Saturday, October 17, 2009

The Church that it has become…

Early in my family history search I came across a gold mine for a family historian. I was visiting the Nine Mile Church for the first time to try to verify that the James Smith buried in the cemetery was our “James Smith”. I had knocked on the door of the parsonage in hopes of being able to talk to the Minister of the church. I wasn’t even sure that this house was the parsonage but it looked like it was. It was a nice brick home much like the homes that my Grandparents had lived in while Grandpa Everett was a minister. The brick looked like the same as the bricks the church had been built with.

Eventually a middle aged woman answered the door. She was dressed in a nice pair of dress slacks with a very pretty blouse. I sensed that she was on her way out of the door for a very important meeting. I explained who I was and what had brought me to Nine Mile Indiana. The reaction on her face was a bit of surprise followed by a large warm smile. She offered her hand to me in a warm welcome. We chatted about the church a bit but she did not know much about its history. At this point in my search I could not be certain if this was my family or not. I had hoped the find out that the church had lots of old records and they would be able to answer all my questions! For a Family historian this is the equivalent of hitting the lottery! No such luck for me this day!

She was a very nice lady and as it turned out she was the minister. It bought a smile to my face. Oh much had changed since the days that Grandpa Everett was a minister. In their day, Grandma Lillian would have been answering the door. She would have had a dress on with her apron wrapped around her waist careful to wipe her hands before opening the door and inviting you in. The parsonage door was always open to visitors.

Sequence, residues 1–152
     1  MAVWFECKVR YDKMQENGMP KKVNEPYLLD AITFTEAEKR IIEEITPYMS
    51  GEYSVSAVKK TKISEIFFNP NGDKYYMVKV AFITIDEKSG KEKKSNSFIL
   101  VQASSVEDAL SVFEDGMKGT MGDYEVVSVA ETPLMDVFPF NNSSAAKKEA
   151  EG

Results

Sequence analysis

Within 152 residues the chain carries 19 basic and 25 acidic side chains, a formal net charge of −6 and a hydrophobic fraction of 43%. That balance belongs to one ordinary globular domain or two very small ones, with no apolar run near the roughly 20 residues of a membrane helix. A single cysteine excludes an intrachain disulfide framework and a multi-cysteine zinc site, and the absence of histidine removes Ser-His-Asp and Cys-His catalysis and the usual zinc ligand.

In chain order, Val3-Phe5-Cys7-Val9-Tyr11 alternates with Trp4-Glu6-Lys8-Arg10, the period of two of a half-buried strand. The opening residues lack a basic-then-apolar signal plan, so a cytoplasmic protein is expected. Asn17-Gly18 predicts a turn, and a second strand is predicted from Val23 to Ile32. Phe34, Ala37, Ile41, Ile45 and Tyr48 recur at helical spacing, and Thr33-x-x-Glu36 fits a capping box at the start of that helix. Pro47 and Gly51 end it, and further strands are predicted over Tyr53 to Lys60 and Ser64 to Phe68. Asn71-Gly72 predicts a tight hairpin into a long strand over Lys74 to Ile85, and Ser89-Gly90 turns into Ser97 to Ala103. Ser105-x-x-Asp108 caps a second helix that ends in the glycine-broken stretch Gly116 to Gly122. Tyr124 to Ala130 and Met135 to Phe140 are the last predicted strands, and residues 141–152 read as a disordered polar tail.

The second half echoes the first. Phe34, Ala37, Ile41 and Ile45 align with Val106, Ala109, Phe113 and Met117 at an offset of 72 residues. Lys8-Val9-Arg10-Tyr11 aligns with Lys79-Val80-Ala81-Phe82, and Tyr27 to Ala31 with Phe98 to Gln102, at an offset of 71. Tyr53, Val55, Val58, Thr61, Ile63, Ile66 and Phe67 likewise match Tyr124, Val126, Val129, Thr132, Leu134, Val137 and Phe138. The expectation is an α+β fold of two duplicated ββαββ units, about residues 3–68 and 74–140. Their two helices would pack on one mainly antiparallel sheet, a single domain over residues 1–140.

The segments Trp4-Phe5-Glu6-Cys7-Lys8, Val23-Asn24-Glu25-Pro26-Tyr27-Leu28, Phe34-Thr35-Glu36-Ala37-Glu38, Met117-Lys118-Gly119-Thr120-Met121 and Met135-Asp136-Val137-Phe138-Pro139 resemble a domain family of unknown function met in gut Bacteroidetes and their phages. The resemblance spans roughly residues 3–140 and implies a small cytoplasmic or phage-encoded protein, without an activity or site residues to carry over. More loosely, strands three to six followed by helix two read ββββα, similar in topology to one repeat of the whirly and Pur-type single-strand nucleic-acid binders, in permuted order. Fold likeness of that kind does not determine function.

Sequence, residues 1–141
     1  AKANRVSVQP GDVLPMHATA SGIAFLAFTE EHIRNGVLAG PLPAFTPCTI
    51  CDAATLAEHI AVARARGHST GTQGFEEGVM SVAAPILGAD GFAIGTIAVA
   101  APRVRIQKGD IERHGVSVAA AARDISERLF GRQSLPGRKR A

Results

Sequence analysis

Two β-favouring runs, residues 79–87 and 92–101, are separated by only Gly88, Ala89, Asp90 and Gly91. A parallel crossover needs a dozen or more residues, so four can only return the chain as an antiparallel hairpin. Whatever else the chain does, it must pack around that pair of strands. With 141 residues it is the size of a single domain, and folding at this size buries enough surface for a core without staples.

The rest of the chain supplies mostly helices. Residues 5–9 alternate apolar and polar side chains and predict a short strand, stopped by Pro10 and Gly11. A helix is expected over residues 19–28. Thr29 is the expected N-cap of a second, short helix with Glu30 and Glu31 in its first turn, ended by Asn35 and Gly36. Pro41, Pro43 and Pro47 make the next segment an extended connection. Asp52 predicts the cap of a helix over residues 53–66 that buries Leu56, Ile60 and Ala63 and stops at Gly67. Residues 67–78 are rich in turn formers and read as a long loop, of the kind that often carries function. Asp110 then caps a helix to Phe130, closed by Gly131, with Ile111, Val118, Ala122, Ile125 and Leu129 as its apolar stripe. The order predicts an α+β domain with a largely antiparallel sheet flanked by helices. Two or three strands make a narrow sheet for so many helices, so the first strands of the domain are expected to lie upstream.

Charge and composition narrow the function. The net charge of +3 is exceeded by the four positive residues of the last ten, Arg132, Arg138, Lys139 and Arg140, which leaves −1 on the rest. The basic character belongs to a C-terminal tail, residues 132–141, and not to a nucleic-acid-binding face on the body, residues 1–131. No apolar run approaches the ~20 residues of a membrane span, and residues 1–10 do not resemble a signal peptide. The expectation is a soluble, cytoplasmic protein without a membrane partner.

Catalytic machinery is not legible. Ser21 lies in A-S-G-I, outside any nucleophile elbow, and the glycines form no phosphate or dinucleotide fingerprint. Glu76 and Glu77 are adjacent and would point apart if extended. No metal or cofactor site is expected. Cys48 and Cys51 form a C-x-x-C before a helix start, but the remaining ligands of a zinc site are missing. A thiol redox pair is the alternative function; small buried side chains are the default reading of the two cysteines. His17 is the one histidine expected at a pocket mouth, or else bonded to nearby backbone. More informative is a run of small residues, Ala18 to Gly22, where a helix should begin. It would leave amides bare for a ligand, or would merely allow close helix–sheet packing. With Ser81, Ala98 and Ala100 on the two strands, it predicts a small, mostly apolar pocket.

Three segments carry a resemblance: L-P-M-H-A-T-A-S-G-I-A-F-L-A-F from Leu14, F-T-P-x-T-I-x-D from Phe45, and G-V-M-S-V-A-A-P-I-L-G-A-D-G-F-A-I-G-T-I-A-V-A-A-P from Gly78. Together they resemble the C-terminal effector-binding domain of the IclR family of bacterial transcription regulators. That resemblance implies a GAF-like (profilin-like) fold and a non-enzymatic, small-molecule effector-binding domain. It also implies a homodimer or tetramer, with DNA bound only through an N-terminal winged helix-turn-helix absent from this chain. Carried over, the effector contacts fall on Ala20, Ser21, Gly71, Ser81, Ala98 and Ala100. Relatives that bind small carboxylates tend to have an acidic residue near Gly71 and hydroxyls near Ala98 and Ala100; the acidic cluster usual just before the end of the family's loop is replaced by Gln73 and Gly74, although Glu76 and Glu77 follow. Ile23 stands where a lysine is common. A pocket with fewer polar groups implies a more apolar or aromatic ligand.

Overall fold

My sense that she was on her way out the door turned out to be true; she was headed to the hospital to visit with a church member. She asked if I wanted to see the church. “I’ll unlock it for you and when I return in an hour or so I’ll close it up then.” I told her that would be wonderful. We walked across the street chatting about the church and the quaint cemetery which surrounds it. She unlocked the door and opened it for me. Inviting me in, she said “enjoy your visit and I hope you find what you are looking for.” “I’ll be back in an hour or so to lock up”, she said. I went into the church and she walked back to the parsonage getting in her car and driving away. I thought to myself that it is a shame that we must lock our church doors these days. In Grandpa’s day, the church was always open. You never knew when someone would need to have a few minutes with God.

The church looked very much like the churches of my childhood. In the vestibule there were stairs leading up to the sanctuary or down to what I imagines were Sunday school rooms and a nursery. As I walked into the sanctuary, my thoughts turn to Grandpa Everett, wondering if he had ever been here. Could this have been his church? As I sat in the back of the church in the pew, I took in the beauty of this sanctuary. It is arrange much like a Theater, the pews fanned out with the focal point being the alter. It was not large but very warm and inviting.

It felt good to sit here. It felt as if I belonged. The windows allowed the warm sun shine to bath the room in a rainbow of brilliant color. It is a beautiful room. As I sat there I couldn’t help but wonder if family members who I had not met had sat in these seats. I just knew this was a place that I was supposed to have found. So many baptisms, marriages and funerals were conducted here. Families have begun, flourished and been returned to their maker within the comfort of the walls of this sanctuary.

I sat there in the peace and stillness of this beautiful church, with God, Grandpa Everett and other family members who I had not met yet but was certain that I would meet them soon.

I was disappointed to find out that there were no Church records to speak of. “Oh we have a dusty old box in the corner of the Office downstairs which might have a few things in it” the minister had stated, “but probably nothing that will help you much.”

I decided that a trip to the wash room downstairs would be necessary before I got back in the car and headed to Chicago. The basement was dark. They had a nice fellowship hall, a kitchen, a nursery and restrooms. When I came out of the rest room, I was thinking about the church as I walked toward the stair way to leave. To the left of the stairway hanging on the wall, was a quilt. I was at first startled but soon intrigued by it. It has become the most exciting find for me in my family history search so far. It was my winning lottery ticket!

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